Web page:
My Dad Wrote Back

So on Tuesday I took the big (?) step of sending my dad an email.

In my mind, this was a big step, because it involved a lot of reflection about what I expected from my father and what kind of connection, if any, I wanted to have with him in however many years he might have left in the world.

He wrote back last night.

As I wrote earlier, I had sent a pretty simple email, just telling him in a superficial way how we were doing with sheltering in place. I mentioned to him that most days I go on a walk with my next door neighbor, both of us wearing masks and staying about six feet apart. Interestingly, that was the only part of my email he really responded to.

Here’s what he wrote to me:

You are approaching this problem correctly (from Dr. Seuss). Would be nice to have a friend here that could go on walks with – but that is a taboo exercise (even walkers or wheelchairs). We are not allowed outside our rooms and even fed meals in our rooms. Hopefully someday this all come to a screeching halt or an diminishing need. 

I had to do some thinking to figure out what he was saying. He’d like to have a friend in his assisted living facility to go on walks with, he says. Okay got that. But it’s not allowed right now, since COVID19 restrictions mean residents have to stay in their rooms.

I think “approaching the problem correctly” means he approves of me taking walks? Or maybe approving that I wear a mask during my walks? And “from Dr. Seuss” is his way of joking, acknowledging he’s not really a doctor with the education of authority to tell me what to do.

That was literally the whole email, not another word, not “glad to hear from you” or “say hi to the family” or even “love, Dad.” But that’s fine. I don’t actually need him to say any of those things. I think I can already tell, because he responded in under two days, that he was glad I wrote to him.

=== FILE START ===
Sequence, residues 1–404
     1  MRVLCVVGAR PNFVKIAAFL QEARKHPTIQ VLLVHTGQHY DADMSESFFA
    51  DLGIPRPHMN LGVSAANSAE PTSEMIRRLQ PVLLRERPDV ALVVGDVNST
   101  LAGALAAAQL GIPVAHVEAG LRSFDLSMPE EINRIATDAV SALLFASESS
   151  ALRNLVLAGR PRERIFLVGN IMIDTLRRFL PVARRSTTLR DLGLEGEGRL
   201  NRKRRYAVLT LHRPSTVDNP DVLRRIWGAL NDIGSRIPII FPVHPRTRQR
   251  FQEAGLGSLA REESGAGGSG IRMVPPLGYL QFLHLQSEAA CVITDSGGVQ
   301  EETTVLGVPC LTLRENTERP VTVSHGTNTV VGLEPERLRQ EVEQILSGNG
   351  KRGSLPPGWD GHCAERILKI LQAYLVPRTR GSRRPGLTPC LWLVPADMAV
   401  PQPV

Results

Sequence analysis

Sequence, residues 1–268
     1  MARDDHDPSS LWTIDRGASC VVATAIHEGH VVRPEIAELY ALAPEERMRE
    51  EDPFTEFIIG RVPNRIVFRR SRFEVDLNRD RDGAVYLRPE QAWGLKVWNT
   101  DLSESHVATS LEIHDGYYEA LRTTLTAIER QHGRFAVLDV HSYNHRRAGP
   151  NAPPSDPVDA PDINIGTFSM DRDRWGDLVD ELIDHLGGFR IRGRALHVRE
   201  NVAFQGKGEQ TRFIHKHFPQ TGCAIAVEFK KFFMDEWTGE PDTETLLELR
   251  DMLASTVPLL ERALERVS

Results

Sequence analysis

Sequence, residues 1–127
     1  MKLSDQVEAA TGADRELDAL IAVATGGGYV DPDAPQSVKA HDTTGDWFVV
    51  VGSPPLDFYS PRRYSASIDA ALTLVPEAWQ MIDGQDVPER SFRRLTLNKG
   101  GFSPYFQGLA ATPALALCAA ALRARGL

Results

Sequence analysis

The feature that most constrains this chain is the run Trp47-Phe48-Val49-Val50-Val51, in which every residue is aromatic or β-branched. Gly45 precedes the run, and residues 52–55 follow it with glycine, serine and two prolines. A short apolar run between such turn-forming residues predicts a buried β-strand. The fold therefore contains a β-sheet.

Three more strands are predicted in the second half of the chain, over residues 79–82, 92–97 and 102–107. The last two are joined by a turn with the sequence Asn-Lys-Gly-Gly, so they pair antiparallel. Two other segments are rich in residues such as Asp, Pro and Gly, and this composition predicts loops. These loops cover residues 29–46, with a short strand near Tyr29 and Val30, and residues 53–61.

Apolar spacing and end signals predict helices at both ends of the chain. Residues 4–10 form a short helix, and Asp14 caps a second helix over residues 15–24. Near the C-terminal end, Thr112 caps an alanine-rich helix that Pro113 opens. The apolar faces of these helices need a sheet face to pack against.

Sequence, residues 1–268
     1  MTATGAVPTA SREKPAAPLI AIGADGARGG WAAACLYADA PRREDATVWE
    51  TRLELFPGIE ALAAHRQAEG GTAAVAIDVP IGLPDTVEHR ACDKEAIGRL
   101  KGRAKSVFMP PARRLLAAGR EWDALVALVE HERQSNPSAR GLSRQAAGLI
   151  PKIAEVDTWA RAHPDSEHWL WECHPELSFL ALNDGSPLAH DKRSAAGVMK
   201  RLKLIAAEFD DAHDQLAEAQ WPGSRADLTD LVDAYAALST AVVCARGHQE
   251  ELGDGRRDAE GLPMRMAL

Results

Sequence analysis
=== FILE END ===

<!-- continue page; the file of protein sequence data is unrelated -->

His world is small right now. Literally, his world is the size of a small shared bedroom and bath. He can’t go anywhere else. I bet it does feel restrictive. No wonder that’s the part he responded to.

And how do my parts react to his email, I wonder?

Compassion says: Wow, you know, staying at home is a lot more restrictive for him than for me. I have a house and a garden and a family, plus my neighbor with the mask. I have Zoom happy hours and online therapy, frustrating as they can be sometimes. And even with all that, I can feel restless at times. My dad had a roommate he barely knows and has no attachment to, a television with headphones, and his computer. He sees the aides who bring him meals and the nurse who brings his meds; that’s it. It must be really hard to have a sense of meaning or purpose in his days.

Cynicism says: Well, as usual, he talks and complains about a fantasy. He used to call me once a week when I was in college and tell me what he was doing to grow his business and how it two months he was going to be a millionaire. That never happened. Now he’s fussing about never going for walks with friends, but the truth is, before COVID19, he never went on walks anyway. He never made any effort to make friends with other residents at the assisted living facility; in fact, he considered himself above them. So he’s not even talking about reality. As usual.

Daughter wanting a “good” dad says: I wish he had written something about me, about his relationship to me, about what I mean to him. I wish… maybe I wish he were just someone else, sigh.

Daughter wanting to get daddy’s attention and please him says: Maybe I can think of some story about the past or find some old photo that will make him laugh and cheer him up.

Anxiety says: I feel like eating some carbs. With extra sugar. Then I will calm down for a little while.

I’m glad Anxiety spoke up there. Otherwise I might not have noticed that she was present. I think I tell myself that I am not anxious about my relationship with my father. It’s just about emails, right? No big deal! (But then why is this my third post in a row on this topic?)

I think I will give myself a few days before I write back to him. And in the meantime, I’m going to rummage in the fridge to see what I can offer to Anxiety. She’s got an appetite.

CREDIT: Photo by Krsto Jevtic on Unsplash


  1. How interesting that his actions were to get a letter out straight away like that, but he couldn’t actually verbalise his response.
    I love how you’ve spoken for every part like that. That is such an amazing overview. I might copy that with myself. Trouble is, I don’t yet know what parts are knocking around here! Had you already identified all your parts and worked with them before like this, or was it just bubbling up easily for you to catch it and label it and write it down? Fascinating. I really liked that. A lot.


  2. I love how you were able to give a voice to the various parts of yourself. That is so powerful and something I am trying to learn to do.


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